My decision to focus on computer science has given me a sense of freedom as I believe that I'm now back on the right track. When studying medicine in the past years, I have always been aware that this has only been in order to extend my knowledge of the world and has had little if any relevance to my professional life. Now it's time to get prepared for business world.

Montag, 6. Dezember 2004

I've found a very interesting page: It contains the translation of the Universal Declaration of Human Rights (UDHR) to more than 300 languages. Information on the languages (history, countries where it is spoken, how many people are speaking it, relations to other languages) is included - sometimes it's quite vast. The URL of the page is http://www.unhchr.ch/udhr/navigate/alpha.htm.

Mittwoch, 1. Dezember 2004

I've written something I called "A Peculiar Text". It's a text in a fictional language of mine whose grammar and vocabulary yet have to be devised; and yet I've tried to translate that text to German, inventing the meanings of some of the words and some grammatical rules during the translation process. In the end, I tried to interpret the text. I found all of this so interesting that I decided to upload this to my homepage; and I've also added a German text on linguistics and constructing new languages I wrote several years ago as a kind of introduction. Finally, my text "Ein Mann rasieren sich (Version in deutsch von zukunft)" seemed to be appropriate as well. Enjoy reading!

I've participated a lot in a debate about the medical curriculum, medical students and exams at science.orf.at and I've made many people agree with my views.

I've done the test at www.keirsey.com again and this time I got:

E+6 N+12 T+18 J+6

Compare it with last time's results:

E+2 N+8 T+14 J+8

So it's the same type but slightly different values for the individual components. The tendency to extroversion is now clearer - last time this preference was weak. That's certainly due to my having realized that I'm really extroverted, which I used to doubt, because I wrongly interpreted other people's statements that my "skills at handling people" were "not so good". (It's rather that I don't have much empathy for others and sometimes act in a harsh and arrogant manner.)

I did the test right after checking out the description of the ENTP type at www.personalitypage.com, which appeared to me as being more likeable than the ENTJ type which I am according to this test. As a matter of fact I only got J+6 this time instead of J+8 like last time, but that's not too significant a change. However, I've noticed that I'm often not sure what to answer to questions which are about P/J and then choose the J option for rational reasons.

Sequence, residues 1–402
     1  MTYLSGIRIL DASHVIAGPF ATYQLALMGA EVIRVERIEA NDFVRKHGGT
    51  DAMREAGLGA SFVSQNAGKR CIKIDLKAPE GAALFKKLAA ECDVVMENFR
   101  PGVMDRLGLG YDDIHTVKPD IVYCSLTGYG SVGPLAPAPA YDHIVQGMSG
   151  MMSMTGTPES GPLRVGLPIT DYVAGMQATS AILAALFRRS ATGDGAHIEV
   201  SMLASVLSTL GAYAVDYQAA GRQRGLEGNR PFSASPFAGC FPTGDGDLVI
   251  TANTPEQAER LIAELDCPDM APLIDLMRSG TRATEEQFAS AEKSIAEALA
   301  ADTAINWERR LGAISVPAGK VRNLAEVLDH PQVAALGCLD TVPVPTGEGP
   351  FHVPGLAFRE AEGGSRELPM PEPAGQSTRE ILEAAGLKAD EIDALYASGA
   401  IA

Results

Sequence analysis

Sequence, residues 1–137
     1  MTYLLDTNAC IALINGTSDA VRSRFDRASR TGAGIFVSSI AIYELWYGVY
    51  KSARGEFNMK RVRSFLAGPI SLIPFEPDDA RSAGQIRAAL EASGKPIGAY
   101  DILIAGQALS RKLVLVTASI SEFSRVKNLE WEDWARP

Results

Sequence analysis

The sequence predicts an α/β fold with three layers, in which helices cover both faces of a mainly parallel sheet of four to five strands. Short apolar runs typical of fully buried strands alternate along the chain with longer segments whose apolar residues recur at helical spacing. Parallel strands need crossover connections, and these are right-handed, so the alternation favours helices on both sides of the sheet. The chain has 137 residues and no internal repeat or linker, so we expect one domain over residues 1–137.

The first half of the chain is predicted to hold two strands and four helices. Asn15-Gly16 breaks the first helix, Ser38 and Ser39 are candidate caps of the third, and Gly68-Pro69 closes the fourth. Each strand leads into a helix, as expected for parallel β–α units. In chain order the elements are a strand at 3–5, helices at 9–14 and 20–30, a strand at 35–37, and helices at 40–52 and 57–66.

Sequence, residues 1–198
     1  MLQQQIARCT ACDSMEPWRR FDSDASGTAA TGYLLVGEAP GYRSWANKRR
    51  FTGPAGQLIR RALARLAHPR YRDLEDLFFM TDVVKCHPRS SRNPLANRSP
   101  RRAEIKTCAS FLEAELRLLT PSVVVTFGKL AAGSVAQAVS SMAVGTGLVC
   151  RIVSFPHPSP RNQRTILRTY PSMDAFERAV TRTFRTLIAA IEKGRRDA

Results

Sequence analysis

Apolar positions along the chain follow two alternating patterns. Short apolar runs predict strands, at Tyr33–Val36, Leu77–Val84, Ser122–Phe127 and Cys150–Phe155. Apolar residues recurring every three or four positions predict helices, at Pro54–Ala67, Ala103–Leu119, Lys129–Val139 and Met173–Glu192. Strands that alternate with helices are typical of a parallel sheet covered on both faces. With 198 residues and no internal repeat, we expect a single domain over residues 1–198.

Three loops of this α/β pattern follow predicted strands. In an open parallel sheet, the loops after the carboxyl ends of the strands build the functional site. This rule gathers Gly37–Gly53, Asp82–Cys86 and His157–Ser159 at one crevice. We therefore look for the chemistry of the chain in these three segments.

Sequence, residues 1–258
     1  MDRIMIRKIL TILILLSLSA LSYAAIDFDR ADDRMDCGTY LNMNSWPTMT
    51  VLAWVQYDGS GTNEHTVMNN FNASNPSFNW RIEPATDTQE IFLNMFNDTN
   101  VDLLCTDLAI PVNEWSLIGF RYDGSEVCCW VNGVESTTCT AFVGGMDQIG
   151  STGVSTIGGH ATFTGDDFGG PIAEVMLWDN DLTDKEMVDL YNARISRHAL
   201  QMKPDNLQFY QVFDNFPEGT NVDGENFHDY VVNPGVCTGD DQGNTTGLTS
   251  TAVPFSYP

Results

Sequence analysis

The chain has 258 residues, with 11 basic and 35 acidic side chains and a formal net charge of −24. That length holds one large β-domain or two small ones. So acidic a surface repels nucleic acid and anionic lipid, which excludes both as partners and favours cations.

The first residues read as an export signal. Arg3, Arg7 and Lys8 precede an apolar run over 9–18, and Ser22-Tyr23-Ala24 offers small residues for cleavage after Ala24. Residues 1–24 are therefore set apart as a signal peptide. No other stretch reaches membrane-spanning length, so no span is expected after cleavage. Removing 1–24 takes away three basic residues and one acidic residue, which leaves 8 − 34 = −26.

N and T are even stronger than last time - as a matter of fact I'm definitely NT; I had already been aware of that even before I got to know that test. Compared to N and T, I score rather weak for E and J, so I'm probably not a total ENTJ type (who is anyway?) but also have some traits of the other three Rational types.

Apart from that, I guess I should see to it to socialize more soon; the last time I was around with other people except in lectures and trains was at the meeting of the Austrian high intelligence society on Saturday. It's getting a bit boring being just alone, it seems like I'm somehow running out of inspiration.

By the way, I've stumbled over the website of Gerhard Zlabinger aka GeZ, a former classmate of mine in high school years 1 to 4. He then left for a computer science school. The study-year 2003/2004 he spent in Derby (England) for his Bachelor degree. He has kept up his particular, good sense of humour so if you understand German and are interesting in some funny things, check out www.plain.at/~gez/ to see if this type of humour is enjoyable for you.

A discussion at the internal discussion board of the Austrian high intelligence society inspired me to enter my data at www.astro.com, and I was completely surprised to see my "personality horoscope" for I used to believe that astrology is nonsense. Translation from German: "With Sun in Libra and Moon in Scorpio you are clever and shrewd. You tend to be aggressive, arrogant and sarcastic. If somebody hurts your feelings, you will take revenge. You love being outstanding with your successes, which, however, does not have a good effect upon your popularity. With your independent will you solve your problems on your own." But the rest of the text doesn't match me as accurately. Maybe it's because I did not know the exact time at which I was born and only entered the hour. ;-)